How To Build A Raspberry PI Action Cam

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You know how action camera like the GoPro or Yi Camera are never quite what you wanted? Connor Yamada experimented with a GoPro but wanted to build a camera that would be a tight fit for his needs –  a cheaper, open-source, and biking-centric action camera. (And to also have Long battery life; Wireless communication and a Simple, durable enclosure)

While the project is not completely off the shelf one, Connor made sure that anybody with access to a 3D printer and soldering iron, can build this project.

The camera is based on the Raspberry Pi Model A+ connected to a 5MP PI Camera and gets wireless access via an Edimax nano adapter. For power Connor added a small 2000mAh battery and a Lipo Charger board.

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How To Add Computer Cabinet Cooling

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Besides your camera, your computer is probably your single most important piece of photography equipment.

Laptops and iMacs are nice, but if you’re relying on a big beefy desktop PC or Mac Pro to take care of the heavy lifting, your computer is probably tucked away in a computer cabinet somewhere under your desk.

Have you ever checked to see how hot your hard working computer is getting in that enclosed space?

If not, I suggest you check – a computer that is always running hot will not perform as well and will have a drastically shorter life span than a computer with adequate ventilation.  There is a big difference between the amount of heat generated by the average office PC running Excel and a creative professional’s PC rendering 4k video.  And although most computer desks come with a computer cabinet that isn’t totally enclosed, the available openings can be clogged with wires or ineffective if pushed up against a wall.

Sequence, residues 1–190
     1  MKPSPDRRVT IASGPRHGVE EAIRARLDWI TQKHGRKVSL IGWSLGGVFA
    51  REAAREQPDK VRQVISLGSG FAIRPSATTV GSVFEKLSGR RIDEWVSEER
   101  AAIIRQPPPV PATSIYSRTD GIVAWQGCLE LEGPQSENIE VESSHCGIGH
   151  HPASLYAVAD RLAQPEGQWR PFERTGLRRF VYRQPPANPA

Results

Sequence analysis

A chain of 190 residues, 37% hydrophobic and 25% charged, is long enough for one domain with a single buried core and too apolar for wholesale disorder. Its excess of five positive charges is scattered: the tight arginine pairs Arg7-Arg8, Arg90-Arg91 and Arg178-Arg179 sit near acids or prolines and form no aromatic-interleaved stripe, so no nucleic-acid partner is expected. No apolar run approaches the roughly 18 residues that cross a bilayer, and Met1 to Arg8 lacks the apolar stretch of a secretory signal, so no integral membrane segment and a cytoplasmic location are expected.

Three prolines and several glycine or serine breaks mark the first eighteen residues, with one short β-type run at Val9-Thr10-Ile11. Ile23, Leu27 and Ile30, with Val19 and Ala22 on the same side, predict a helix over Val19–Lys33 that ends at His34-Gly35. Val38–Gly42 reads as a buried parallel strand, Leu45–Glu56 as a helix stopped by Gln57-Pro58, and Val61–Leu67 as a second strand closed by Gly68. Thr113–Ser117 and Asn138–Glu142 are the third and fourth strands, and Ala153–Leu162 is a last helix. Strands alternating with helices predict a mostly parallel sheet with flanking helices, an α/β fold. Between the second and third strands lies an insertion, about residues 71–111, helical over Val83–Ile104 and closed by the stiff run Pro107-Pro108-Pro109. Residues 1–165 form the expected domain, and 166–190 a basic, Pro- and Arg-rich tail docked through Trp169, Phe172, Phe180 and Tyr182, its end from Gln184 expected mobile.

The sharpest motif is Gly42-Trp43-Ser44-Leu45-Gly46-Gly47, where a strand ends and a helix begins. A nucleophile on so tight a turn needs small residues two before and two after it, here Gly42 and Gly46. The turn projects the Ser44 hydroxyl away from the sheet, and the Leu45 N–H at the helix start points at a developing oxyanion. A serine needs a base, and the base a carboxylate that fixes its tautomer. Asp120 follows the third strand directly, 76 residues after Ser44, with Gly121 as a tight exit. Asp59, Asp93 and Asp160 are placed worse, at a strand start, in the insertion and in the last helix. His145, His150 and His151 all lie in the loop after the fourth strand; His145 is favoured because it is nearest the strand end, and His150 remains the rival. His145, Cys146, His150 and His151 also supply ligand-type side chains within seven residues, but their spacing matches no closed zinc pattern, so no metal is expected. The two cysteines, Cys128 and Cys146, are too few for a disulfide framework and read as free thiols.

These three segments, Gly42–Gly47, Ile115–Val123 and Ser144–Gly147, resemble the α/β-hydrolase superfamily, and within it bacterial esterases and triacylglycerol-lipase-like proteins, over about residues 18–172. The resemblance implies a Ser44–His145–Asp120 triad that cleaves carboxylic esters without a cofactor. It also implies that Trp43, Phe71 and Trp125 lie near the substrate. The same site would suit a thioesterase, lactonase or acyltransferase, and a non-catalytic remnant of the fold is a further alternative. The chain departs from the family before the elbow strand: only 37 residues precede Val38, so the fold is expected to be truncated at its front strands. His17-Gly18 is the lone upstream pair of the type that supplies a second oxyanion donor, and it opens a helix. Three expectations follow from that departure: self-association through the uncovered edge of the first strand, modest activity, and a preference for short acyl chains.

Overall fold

So, in this article I am going to share a few really easy ways to add active computer cabinet cooling with fans.

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Build Your Own Lighting Setup With This Awesome DIY 1000w Equivalent LED Flashlight

sunbalster-diyOkay, this project may be a bit challenging for novices, but if DIY is your thing, this video tutorial certainly delivers the goods. In it, DIY Perks  (who has an LED fever – he also made these kick a$$ LED panel and ring light) shows us the step by step process of building a seriously legit 1000w equivalent LED light source. The flashlight really packs a punch– it can be operated with one hand, has adjustable brightness (and a lot of it), plus, it works on batteries or an AC adapter. Did we mention it doesn’t flicker (thank you voltage based dimmer) and it boasts spotlight and floodlight mode?

It works great for shooting video or stills, indoors or outdoors. Overall, it’s a great addition to your lighting setup and sounds like a pretty fun build. Now, let’s get to it: [Read more…]

How To Build An Automated Weatherproof Timelapse DSLR Machine Using Raspberry Pi

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Madis Projects were booked for a challenging time lapse project. They needed to take a time lapse of a construction site for a long duration and their previous project using a gopro was not satisfactory.

They also needed a 15 minutes interval, endless photo storage, remote management and web uploads.

What did they do? They built a lean mean weather proof DSLR time lapse machine using Raspberry Pi.